This weekend, approximately 3,500 people attended the Truth and Liberty Coalition’s annual conference in Woodland Park, about 15 miles from Colorado Springs, where speakers laid out a theocratic vision for the future of American politics. Bringing together faith leaders, authors, politicians — U.S. Representatives Doug Lamborn and Lauren Boebert, Colorado Rep. Mark Baisley, Arkansas Sen. Jason Rapert — and activists, this year’s Truth and Liberty conference was a showcase of conservative grievances, with reactionary politics and Christian fundamentalism on full display.
“This is happening because Christians have not been involved,” said Andrew Wommack, founder of Truth and Liberty, but also Charis Bible College and Andrew Wommack Ministries. “It doesn’t matter what they say. America was founded to be a Christian nation. It’s not functioning that way at this moment.”
Wommack pointed to his own recent victory in Woodland Park, where the city council voted last month to rescind a previous agreement with Wommack, resulting in the waiving of millions in potential property tax revenue for Charis’ new housing project, as a sign of his divine favor.
“God is protecting me, and he’s done great things right here,” said Wommack. “We’ve had a fight in Woodland Park and we won the fight. And just in August, man, the city released us and even admitted that what they asked us to do was illegal. We won hands down. And so praise God, there’s good things happening.”
On Sept. 8, the first day of the conference, Charis Bible College announced a $250,000 donation to the city of Woodland Park. “It is our joy to freely give back to the community we call home,” said Billy Epperhart, CEO of Andrew Wommack Ministries and Charis Bible College in a news release.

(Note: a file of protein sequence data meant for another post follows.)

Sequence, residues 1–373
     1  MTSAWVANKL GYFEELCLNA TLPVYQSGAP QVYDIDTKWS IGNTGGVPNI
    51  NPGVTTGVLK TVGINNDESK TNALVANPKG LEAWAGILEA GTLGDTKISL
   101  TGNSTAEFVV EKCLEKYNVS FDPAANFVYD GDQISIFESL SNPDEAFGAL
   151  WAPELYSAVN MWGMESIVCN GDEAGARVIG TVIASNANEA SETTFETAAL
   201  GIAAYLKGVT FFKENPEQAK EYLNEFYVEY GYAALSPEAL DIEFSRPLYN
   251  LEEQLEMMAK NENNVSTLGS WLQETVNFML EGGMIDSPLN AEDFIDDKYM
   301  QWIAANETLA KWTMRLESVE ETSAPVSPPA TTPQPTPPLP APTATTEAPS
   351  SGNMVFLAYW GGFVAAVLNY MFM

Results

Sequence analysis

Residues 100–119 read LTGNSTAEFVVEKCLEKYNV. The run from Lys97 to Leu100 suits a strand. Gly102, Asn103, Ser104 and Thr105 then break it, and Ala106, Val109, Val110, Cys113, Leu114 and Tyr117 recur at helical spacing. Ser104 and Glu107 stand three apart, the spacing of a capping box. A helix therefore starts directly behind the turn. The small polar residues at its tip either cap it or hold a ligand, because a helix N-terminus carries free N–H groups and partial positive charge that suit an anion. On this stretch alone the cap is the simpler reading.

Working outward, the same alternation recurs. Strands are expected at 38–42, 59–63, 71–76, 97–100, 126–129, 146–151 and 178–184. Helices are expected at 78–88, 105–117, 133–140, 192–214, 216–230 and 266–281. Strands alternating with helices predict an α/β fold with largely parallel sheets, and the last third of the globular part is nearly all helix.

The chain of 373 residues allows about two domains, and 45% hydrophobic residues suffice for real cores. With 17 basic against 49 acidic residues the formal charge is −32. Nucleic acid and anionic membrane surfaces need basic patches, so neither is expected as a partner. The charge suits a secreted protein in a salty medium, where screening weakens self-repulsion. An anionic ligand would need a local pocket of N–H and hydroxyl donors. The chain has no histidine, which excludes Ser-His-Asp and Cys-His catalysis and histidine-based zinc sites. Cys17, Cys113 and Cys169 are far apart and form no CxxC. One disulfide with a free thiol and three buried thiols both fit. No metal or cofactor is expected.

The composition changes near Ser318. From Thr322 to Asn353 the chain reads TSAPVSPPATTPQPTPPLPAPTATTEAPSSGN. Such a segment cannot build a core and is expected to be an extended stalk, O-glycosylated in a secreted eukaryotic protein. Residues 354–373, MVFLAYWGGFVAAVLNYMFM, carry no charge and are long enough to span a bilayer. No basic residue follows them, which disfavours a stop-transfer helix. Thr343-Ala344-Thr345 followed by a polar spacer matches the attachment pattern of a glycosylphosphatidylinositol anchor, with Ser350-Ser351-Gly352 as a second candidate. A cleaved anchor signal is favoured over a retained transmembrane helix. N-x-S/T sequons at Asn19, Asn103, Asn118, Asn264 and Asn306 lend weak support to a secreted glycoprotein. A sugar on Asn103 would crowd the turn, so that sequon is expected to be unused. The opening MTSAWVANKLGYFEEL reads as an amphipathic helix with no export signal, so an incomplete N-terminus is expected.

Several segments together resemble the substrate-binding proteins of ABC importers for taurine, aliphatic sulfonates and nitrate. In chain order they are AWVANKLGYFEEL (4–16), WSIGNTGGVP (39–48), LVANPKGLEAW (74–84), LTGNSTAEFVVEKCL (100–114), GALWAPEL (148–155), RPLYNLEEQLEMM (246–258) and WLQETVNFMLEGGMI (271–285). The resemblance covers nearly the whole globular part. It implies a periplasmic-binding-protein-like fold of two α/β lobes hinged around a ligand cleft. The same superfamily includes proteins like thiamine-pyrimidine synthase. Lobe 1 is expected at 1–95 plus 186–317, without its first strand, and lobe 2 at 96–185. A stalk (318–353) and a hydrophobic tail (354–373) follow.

The theme of the event, echoed by Wommack and every speaker to grace the stage of Charis Bible College’s 70,000-square-foot chapel, was a reminder that Christians should — must — get more involved in political and public life.
“Most of us don’t have a national platform like this, but if you would stand up and speak the Word of God in your workplace, in your family, in your church, and if you would stand up and begin to take a stand, I guarantee you then when things begin to turn around, people would recognize that was God,” said Wommack during his opening remarks. “I’m saying that Christians, believers, have a responsibility to impact their culture.”
The specific areas of culture that required the impact of Christians were echoed by many of the speakers — LGBTQ rights, racial and social justice, and COVID-19 restrictions were addressed by nearly every presenter over the three-day event.
“We should never have permitted gay marriage to be legalized in the United States of America,” said Mario Murillo, who spent four days in July hosting a tent revival at Radiant Church in Colorado Springs. Murillo also spoke against events involving drag queens, invoking the image of “an obsese, bearded man in a dress.”
Anti-abortion activist Janet Folger Porter, founder of Faith2Action and one of the lead organizers behind six-week abortion bans, or “heartbeat bills,” echoed Murillo’s sentiment. “Obergefell did not settle the issue of marriage any more than Roe v. Wade settled the issue of abortion,” she said. “It’s going to be overturned. Clarence Thomas declared it in this last decision in Dobbs. It’s going to happen and we need to keep fighting until it happens.”
Lance Wallnau, one of the keynote speakers of the event, claimed God is helping in the fight against homosexuals. “We need to be praying for the unfinished work of the United States because America’s gotten off track,” he said. “It’s promoting lesbian transgender ideology globally. It’s putting the LGBTQ flag, even the BLM flag, up with our national flag. And God is taking that down.”
Bishop E. W. Jackson, a noted homophobe who unsuccessfully ran for lieutenant governor of Virginia in 2013, told the audience, “I wouldn’t vote for a homosexual, I wouldn’t vote for a transgender, I wouldn’t vote for a witch.”